Kim Jong-Il's funeral begins. But how genuine is the grief?

A defector on Kim Il-Sung's death: "The histrionics of grief took on a competitive quality. Who coul

Hundreds of thousands of mourners have lined the streets in North Korea's capital, Pyongyang, as the two-day funeral proceedings for Kim Jong-il get underway.

Video released by North Korea state television, seen above, shows his son and chosen heir Kim Jong-Un leading the procession. The funeral is remarkably similar to that held for Kim Il-Sung in 1994, when Kim Jong-Il took the role of mourner in chief to secure his succession.

A thickly emotional voiceover sums up the reaction we have seen from North Korea: overt, noisy grief. In other clips, ordinary citizens kneel in the snow, apparently overcome, while members of the crowd are choked with tears when interviewed.

This is also reminiscent of the aftermath of Kim Il-Sung's death, when images of distraught North Koreans spread across the globe. But how genuine is this grief?

In her book Nothing to Envy: Ordinary Lives in North Korea, Barbara Demick interviewed defectors from the notoriously cloistered state. One of the young men profiled in the book, at the time a student in Pyongyang, describes the public mourning for Kim Il-Sung:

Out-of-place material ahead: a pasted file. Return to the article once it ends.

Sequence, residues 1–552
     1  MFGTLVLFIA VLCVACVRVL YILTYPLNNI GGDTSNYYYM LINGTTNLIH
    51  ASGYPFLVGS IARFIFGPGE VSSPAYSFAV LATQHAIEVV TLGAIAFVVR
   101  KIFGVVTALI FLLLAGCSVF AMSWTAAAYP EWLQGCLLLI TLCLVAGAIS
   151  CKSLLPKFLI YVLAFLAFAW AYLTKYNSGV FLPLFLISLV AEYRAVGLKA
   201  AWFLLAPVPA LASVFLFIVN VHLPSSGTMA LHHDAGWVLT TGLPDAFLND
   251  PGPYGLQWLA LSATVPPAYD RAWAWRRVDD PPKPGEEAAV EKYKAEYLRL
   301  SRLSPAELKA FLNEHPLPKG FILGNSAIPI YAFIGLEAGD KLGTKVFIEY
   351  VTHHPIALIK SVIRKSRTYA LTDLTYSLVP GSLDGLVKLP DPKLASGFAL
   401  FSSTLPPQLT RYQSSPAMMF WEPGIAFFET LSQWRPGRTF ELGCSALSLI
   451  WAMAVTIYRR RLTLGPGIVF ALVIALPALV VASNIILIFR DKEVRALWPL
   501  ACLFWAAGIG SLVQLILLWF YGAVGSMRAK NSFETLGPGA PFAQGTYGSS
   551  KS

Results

The histrionics of grief took on a competitive quality. Who could weep the loudest?

Demick explains that he felt nothing, eventually holding his eyes open until they teared up:

His entire future depended on his ability to cry. Not just his career and his membership in the Workers' Party, his very survival was at stake. It was a matter of life and death.

Of course, those who ultimately defect are more likely to oppose the regime and may not reflect the feelings of the general public, but it is worth remembering that the scenes of ostentatious grief may not be all they seem.

Earlier this week, a foreign aid worker gave the first eyewitness account of the mourning for Kim Jong-Il, describing a highly stage-managed process:

When we visited, it was surreal. Ten thousand North Koreans waiting in queues to pay their respects, coming to the front in groups of 100, bowing down and crying. All combined with flood lights, strong icy winds and melancholic music and voices from loudspeakers. Everything, meanwhile, being well documented by about 20 photographers and ten TV camera teams.

Given the tight control of information in North Korea, and the extent to which notions of the state and personal identity are bound up with leader-worship, it is likely that many feel genuine grief and fear about their future security.

However, the well-documented phenomenon of mass hysteria is clearly in action too, as well as the compulsion to grieve. As Theodore Dalrymple puts it: "This is a regime where everything that isn't forbidden is compulsory". The regime is tightly controlling the images being shown to the world, the real picture is far more complex.

Samira Shackle is a freelance journalist, who tweets @samirashackle. She was formerly a staff writer for the New Statesman.

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Donald Trump vs Barack Obama: How the inauguration speeches compared